Rising Number Of LA Hate Crimes On Track To Exceed Last Year’s Record
Los Angeles is on pace this year to exceed last year's record number of hate crimes with an almost 17% increase in attacks against underrepresented communities.
USC's data journalism outlet, Crosstown, crunched the data from the Los Angeles Police Department doe January to June 2022. They found an uptick in hate crimes across the board, but for those involving the Black community, hate crimes increased by about 15%.
The number of hate crimes against the LGBTQ+ community, particularly anti-transgender hate crimes, also increased from six incidents last year to 18 this year.
Terra Russell-Slavin, Los Angeles LGBT Center’s Chief Impact Officer, says that prominent anti-LGBT legislation is promoting dehumanization of individuals prone to violence.
“We are in a time with incredible polarization and an uptick in blatant anti-LGBTQ and anti-transgender specific rhetoric in our communities and on media and legislative, you know, sort of bodies across the country,” said Russell-Slavin. “And so I think that has an impact.”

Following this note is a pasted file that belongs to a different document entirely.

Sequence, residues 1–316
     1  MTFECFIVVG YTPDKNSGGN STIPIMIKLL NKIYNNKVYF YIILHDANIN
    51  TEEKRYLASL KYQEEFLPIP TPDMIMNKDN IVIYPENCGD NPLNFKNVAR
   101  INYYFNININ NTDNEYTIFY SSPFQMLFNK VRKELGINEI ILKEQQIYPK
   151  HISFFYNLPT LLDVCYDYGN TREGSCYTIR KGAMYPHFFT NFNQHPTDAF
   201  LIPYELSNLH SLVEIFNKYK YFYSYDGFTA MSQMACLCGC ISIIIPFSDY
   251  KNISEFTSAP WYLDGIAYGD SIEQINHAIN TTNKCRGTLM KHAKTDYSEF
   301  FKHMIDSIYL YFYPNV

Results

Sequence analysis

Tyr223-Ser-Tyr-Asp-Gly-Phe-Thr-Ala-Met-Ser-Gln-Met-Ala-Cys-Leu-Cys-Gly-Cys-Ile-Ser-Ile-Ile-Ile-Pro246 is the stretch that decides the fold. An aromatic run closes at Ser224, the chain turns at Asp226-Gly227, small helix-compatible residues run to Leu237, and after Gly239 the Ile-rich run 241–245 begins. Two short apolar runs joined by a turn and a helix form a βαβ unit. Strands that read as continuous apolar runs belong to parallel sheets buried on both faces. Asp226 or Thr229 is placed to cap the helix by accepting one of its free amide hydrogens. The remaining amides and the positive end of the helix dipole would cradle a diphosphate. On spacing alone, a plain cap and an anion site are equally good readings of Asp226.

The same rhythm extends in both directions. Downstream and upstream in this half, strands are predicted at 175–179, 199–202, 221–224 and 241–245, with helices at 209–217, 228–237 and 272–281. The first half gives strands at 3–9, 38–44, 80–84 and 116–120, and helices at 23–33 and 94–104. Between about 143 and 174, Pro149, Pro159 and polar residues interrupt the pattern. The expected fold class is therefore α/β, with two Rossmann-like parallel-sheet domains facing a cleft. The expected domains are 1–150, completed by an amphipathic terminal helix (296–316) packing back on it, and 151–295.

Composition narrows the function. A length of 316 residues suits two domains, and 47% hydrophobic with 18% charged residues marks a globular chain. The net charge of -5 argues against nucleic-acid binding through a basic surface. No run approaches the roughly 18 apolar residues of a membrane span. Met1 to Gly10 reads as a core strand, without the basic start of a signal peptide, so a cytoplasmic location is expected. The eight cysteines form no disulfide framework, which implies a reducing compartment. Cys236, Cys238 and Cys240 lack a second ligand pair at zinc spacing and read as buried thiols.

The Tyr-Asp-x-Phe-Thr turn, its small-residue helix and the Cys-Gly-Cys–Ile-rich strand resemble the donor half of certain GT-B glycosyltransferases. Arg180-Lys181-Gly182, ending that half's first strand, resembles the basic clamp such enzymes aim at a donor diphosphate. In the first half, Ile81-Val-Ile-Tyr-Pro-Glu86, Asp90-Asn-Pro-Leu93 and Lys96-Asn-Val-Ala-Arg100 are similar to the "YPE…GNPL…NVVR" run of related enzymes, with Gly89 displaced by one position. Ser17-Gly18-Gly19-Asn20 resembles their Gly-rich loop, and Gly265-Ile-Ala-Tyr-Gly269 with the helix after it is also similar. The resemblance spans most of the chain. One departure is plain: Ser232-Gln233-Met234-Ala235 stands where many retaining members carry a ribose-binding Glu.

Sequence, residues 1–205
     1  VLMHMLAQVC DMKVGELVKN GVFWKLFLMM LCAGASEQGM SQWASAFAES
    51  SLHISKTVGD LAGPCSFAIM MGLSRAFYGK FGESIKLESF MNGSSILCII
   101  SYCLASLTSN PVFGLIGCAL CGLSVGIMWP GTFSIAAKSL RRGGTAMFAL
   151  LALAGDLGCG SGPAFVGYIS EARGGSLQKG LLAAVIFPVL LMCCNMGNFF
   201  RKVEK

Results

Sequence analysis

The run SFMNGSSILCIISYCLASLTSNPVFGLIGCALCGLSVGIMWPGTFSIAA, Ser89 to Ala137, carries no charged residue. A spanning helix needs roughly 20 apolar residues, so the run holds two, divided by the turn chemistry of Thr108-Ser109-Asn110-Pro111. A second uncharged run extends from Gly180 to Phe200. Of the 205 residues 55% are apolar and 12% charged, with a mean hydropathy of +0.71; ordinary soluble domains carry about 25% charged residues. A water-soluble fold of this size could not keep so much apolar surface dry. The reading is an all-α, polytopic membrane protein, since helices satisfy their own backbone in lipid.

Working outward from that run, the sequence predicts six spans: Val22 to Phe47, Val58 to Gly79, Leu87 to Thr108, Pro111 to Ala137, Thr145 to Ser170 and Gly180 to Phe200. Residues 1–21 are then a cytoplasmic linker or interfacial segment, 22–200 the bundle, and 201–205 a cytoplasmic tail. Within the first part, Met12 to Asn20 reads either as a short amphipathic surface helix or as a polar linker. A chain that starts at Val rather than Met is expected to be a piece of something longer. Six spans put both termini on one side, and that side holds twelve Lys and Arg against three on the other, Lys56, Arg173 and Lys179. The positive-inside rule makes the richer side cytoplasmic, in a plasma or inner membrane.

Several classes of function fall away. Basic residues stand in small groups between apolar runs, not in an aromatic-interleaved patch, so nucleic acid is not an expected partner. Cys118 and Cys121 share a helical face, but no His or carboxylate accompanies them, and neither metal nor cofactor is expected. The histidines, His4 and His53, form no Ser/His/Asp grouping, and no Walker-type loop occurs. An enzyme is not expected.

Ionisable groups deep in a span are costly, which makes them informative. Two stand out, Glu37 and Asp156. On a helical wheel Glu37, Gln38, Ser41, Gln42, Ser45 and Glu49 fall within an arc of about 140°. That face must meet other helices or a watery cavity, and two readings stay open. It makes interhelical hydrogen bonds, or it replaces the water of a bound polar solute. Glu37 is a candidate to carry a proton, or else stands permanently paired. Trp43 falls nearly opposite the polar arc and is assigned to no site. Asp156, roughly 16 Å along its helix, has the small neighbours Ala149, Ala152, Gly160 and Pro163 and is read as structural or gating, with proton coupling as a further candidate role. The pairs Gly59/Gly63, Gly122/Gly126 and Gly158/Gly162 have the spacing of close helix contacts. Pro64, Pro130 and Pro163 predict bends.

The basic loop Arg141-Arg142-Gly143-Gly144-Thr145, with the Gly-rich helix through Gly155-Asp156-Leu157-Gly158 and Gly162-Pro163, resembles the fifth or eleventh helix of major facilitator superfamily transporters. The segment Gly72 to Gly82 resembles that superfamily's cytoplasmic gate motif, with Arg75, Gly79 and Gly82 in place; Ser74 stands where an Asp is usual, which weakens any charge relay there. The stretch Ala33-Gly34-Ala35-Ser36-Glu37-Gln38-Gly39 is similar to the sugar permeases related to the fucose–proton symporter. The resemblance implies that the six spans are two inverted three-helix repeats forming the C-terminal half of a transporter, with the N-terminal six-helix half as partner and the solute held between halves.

Russell-Slavin says the LAPD data only captures a portion of hate crimes against LGBTQ+ people, since some may feel ostracized or intimidated to report due to their identity or immigration status.
According to the U.S. Bureau of Justice Statistics survey fewer than half of all hate crimes were reported to police.
Russel-Slavin also said that these crimes especially target Black and Latinx transgender women, whose vulnerable intersections in the face of racism, sexism, and transphobia make them more prone to violence. In fact, last year was the deadliest year in the country on record for transgender and non-binary people, with majority of the 57 victims being Black and Latinx.
The key to prevention of these attacks? Russel-Slavin says it’s affirmation, acceptance education and survivor advocacy is critical for tolerance of vulnerable groups.For example, the LA LGBT Center spearheads the Out For Safe School program, which is a program that teaches school staff how to be LGBT allies.
“I think, to the extent that we can continue community conversations, increased resources, address the historic discrimination, because all of those historic legacies of discrimination and oppression put people at risk.”